• Provide a box-shadow to the menu to increase the layering effect. Include enough vertical offset that the shadow can’t be seen at the top. We want the label and the menu to feel “attached,” and a visible shadow between them breaks that illusion.
  • Make the links white and not underlined. Have them link to a site of your choosing. Display them as blocks so that the whole rectangular “button” is clickable—not just the text.
  • Place a 1-pixel white border below each link, save for the last. Again, don’t use a special class or ID for this. Use a pseudoclass selector.
  • When an menu item is hovered, highlight it in a lighter gray.
  • Have the menus not display initially. Use the display property.
  • When the menu item is hovered over, display its corresponding menu as a block. This is most easily done by using a descendant selector:
    .label:hover .menu {
      ...
    }
    
    This rule applies to menus whose parent label is hovered over.
  • Add a few more menus to nav and make sure your solution scales. You should haven’t to provide any new CSS rules. Create menus of different lengths.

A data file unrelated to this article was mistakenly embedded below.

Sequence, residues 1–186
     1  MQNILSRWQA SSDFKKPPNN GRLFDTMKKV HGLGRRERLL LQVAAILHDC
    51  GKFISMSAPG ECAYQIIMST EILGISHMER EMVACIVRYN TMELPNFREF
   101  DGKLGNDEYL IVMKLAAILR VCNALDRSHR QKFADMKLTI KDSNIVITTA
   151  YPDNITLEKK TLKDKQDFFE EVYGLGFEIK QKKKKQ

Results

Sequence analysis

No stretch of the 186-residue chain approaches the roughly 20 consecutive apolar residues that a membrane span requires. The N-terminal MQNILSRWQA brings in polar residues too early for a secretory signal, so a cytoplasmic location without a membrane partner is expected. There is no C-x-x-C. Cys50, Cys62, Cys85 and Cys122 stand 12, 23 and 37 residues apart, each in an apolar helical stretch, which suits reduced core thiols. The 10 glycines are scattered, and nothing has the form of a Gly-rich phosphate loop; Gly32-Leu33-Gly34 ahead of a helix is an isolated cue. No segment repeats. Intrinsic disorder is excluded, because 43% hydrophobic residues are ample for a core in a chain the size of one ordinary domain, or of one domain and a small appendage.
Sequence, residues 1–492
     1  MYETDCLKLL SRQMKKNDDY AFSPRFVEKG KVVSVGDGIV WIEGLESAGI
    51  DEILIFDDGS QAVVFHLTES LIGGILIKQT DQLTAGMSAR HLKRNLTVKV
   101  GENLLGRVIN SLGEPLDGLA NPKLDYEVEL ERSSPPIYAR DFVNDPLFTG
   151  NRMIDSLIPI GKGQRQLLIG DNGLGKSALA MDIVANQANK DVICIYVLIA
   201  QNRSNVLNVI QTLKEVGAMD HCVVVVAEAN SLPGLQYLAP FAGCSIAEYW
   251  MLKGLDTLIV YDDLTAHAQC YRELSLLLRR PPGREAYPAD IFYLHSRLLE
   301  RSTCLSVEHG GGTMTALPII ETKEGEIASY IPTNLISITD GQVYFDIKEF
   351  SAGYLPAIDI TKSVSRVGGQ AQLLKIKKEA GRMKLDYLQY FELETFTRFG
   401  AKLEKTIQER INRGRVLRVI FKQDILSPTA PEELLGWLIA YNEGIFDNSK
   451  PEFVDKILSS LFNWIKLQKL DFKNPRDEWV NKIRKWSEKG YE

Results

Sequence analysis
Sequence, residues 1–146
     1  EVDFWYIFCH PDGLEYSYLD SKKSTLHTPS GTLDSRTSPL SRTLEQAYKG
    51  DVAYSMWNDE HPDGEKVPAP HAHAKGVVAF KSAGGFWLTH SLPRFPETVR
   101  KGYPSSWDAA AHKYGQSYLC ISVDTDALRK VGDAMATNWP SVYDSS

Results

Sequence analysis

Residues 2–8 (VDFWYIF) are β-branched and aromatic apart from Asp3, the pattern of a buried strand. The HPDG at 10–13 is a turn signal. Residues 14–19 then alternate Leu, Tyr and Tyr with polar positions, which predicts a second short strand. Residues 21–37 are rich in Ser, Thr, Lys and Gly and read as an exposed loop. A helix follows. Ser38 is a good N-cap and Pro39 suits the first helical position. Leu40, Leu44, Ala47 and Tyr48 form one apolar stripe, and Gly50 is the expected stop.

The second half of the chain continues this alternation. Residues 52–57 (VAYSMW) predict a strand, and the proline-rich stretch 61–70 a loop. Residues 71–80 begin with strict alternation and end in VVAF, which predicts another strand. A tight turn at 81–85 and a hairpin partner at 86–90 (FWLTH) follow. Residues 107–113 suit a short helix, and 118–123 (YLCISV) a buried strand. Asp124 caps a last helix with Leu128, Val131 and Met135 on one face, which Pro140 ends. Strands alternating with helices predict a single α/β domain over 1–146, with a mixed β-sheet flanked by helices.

• Add a media query for when the page goes below a certain width (say 40em).
  • Hide the nav element altogether in your media query.
  • Add to header an absolutely positioned div containing just the text ☰—which is the HTML entity for a menu-ish icon. We will show through this button a popup menu instead of a navigation bar on small screens. Pin the div to the top, right, and bottom of its parent header.
  • Give the div a 1-pixel white border on its left.
  • Increase the font-size of the div.
  • Give the div the label class.
  • Just as you did with the nav menus, add to the div a menu containing an unordered list of anchor elements. Does your menu appear? It didn’t for me. The menu is absolutely positioned below its label thanks to the top attribute. The menu icon is absolutely positioned too, and you probably set its bottom attribute to 0. That gets inherited by the menu and makes it 0 pixels tall. Fix this by setting bottom to auto in the menu.
  • Hide the icon div by default, but make it visible when the media query takes effect. You should see only one of the nav and the icon at a time.

Tabbed Viewer

Create a second page named tabs.html and an accompanying stylesheet named tabs.css. Your goal is to create a page that allows the viewer to switch between views within a single web page. Something like this:

I suggest tackling this exercise in this order:

  • Create a div with an ID of tabparent.
  • Create within tabparent three divs of class tabbutton. Give each a unique ID. Give as content the labels of the buttons.
  • Style the tab buttons as inline blocks (so they line up horizontally) and with a light background color, a fixed width and height, and rounded top corners. You know, like tabs.